Creswell Crags is one of the UK’s most important Ice Age sites and at only an hour or so away from Nottingham, a relatively local place I’ve been meaning to visit for some time.
Creswell Crags itself is a gorge that cuts through lower magnesian limestone, one of the UK’s rarest type of rock. All the caves here formed naturally and there are two guided tours on offer. On this occasion we went on the Rock Art Tour (we’re planning a return trip to take in the other tour) which was very informative and lead us into a small cave which contains the only rock art currently known to exist in Britain. It was only discovered in 2003 and dates from about 13,000 years ago.
Excavations first began in the 1870s – sometimes employing dynamite to the detriment of discoveries still to be made! This did, however, reveal remains of all sorts of animals such as lions, woolly mammoths and hyenas, like the specimen below which would have been roaming the land here over 10,000 years ago.
This cave is called Church Hole and cattle were kept there in the late 1800s – it was their disturbing of the cave floor that unearthed bones and lead to further explorations. The engraved figures show red deer, bison, a horse, a bird (possibly an ibis) and figures that could be birds or women. (These last figures are located further into the cave and too dangerous for a tour group to visit, but the guide showed us pictures). Hopefully in the picture below you can see the red deer carving – it’s easiest to focus on the sharp triangular shape at the top which is the start of its ears.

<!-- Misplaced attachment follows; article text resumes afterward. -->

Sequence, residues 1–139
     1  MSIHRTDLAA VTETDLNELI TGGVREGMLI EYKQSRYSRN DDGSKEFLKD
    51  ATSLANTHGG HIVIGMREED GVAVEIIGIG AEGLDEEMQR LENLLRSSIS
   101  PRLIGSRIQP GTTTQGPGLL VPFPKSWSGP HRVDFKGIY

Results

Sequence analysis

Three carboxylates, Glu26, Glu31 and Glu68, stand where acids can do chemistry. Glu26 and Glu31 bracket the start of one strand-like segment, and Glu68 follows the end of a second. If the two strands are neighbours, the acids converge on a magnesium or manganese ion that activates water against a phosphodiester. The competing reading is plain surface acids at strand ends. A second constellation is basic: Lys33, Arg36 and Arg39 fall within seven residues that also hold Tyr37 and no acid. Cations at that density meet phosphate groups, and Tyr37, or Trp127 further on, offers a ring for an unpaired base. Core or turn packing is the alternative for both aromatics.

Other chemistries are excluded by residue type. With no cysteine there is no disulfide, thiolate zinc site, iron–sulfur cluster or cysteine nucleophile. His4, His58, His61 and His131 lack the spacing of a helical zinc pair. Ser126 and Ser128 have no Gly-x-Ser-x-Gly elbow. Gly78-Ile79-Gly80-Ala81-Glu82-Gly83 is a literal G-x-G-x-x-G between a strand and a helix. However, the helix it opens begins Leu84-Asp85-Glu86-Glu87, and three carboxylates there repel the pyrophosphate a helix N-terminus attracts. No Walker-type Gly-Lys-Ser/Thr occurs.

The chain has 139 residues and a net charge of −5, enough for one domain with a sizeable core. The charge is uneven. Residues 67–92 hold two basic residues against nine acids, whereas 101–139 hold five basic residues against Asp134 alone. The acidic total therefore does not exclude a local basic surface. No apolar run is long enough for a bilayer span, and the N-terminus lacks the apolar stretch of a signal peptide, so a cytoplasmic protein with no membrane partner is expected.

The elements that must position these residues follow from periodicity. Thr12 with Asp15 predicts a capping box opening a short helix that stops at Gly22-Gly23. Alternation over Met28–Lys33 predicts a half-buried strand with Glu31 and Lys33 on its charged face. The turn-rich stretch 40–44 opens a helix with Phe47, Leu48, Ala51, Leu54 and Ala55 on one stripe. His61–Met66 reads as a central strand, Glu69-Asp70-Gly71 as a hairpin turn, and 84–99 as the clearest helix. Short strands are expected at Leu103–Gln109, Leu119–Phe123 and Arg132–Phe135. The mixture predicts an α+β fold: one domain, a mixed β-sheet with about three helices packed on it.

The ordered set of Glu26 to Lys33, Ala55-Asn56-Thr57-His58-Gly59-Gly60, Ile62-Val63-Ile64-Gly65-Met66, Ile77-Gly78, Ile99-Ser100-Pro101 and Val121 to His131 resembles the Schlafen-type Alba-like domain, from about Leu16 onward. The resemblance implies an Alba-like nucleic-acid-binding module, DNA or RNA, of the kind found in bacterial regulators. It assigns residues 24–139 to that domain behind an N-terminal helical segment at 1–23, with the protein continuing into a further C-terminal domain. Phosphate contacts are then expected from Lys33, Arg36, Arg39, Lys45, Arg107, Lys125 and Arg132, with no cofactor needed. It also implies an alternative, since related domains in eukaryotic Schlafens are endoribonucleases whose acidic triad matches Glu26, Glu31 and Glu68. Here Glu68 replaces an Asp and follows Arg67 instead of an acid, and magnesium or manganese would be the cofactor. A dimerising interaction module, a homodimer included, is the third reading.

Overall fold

It’s a really impressive place to visit and the team there are doing a good job at preserving the finds for future generations, not just of the rock art but other items in the exhibition (which we only had time to look around briefly on this visit). It’s fascinating to think that people were using the caves between 13,000-11,000 years ago.
The Creswell art was engraved with a sharp object, most likely a flint tool of some sort and incorporated simple outlines with the use of natural edges for added detail. Most of the art is of animals, with barely any of people.
At £8.50 for an adult the tour is well worth doing, but if you just want to stand where Ice Age Man once stood, entry to the park itself is free.
You can find some more photos here.